Wedding Invitations – Instructions for assembling & Addressing

Assembling Your Invitation

The wedding stationery is assembled in order of size, starting with the invitation. Remember that enclosure cards are stacked on top of the invitation, never inside if you have a folder-style invitation.

Here’s  how to  assemble your components …

Place the reception card on top of the invitation.

Next, place the envelope for the reply card face down on the reception card.

The reply card is slipped beneath the flap of the reply envelope. If you have any other enclosures, add them to the stack face up in order of their size.

Insert the invitations into the inner envelope with the lettering facing the back of the envelope. You can be assured the envelope is correctly stuffed if you can read the invitation without turning it when removed with the right hand.

Finally, put the inner envelope in to the outer envelope. The front of the inner envelope faces the back of the outer envelope.

Addressing Your Invitation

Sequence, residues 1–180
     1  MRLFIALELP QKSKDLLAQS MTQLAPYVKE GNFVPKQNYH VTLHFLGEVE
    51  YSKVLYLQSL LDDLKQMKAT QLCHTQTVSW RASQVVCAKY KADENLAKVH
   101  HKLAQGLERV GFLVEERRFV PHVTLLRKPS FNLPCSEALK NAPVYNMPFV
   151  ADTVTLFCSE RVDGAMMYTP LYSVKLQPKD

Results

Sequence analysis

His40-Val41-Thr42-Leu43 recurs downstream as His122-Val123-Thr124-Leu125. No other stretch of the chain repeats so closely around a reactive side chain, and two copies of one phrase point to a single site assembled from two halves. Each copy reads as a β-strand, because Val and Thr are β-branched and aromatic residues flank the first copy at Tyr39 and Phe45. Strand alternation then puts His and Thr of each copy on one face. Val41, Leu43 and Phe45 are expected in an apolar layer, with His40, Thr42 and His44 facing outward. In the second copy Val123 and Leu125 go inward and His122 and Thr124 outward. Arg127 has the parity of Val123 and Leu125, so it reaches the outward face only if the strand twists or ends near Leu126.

When it’s time to address envelopes, remember that poor penmanship can spoil the entire look of the invitation. That’s why many brides hire a professional calligrapher to address the envelopes. Resist the temptation to use computer-generated labels.

It is no longer a hard-and-fast rule that middle names be included on the outer envelope. Many people only use a middle initial and they may be addressed that way on your invitation. Abbreviations, however, are not used except in the case of “Mr.,”, “Mrs.,” “Dr” or “”Lt.” combined with “Colonel”, etc. Where street numbers were once written out, it’s now perfectly acceptable to use numerals for ease in postal delivery, and to utilize the two-letter abbreviations for states.

Although full names appear on the outer envelope, the inner envelope should be addressed simply to “Mr. and Mrs. Jones.”

Young children’s names should appear on both the inner and outer envelopes beneath their parents’ names.

Children over 18 should receive their own invitations.

Instead of writing “and guest” on the outer envelopes, obtain the names of live-ins, fiancés and significant others and mail them a separate invitation.

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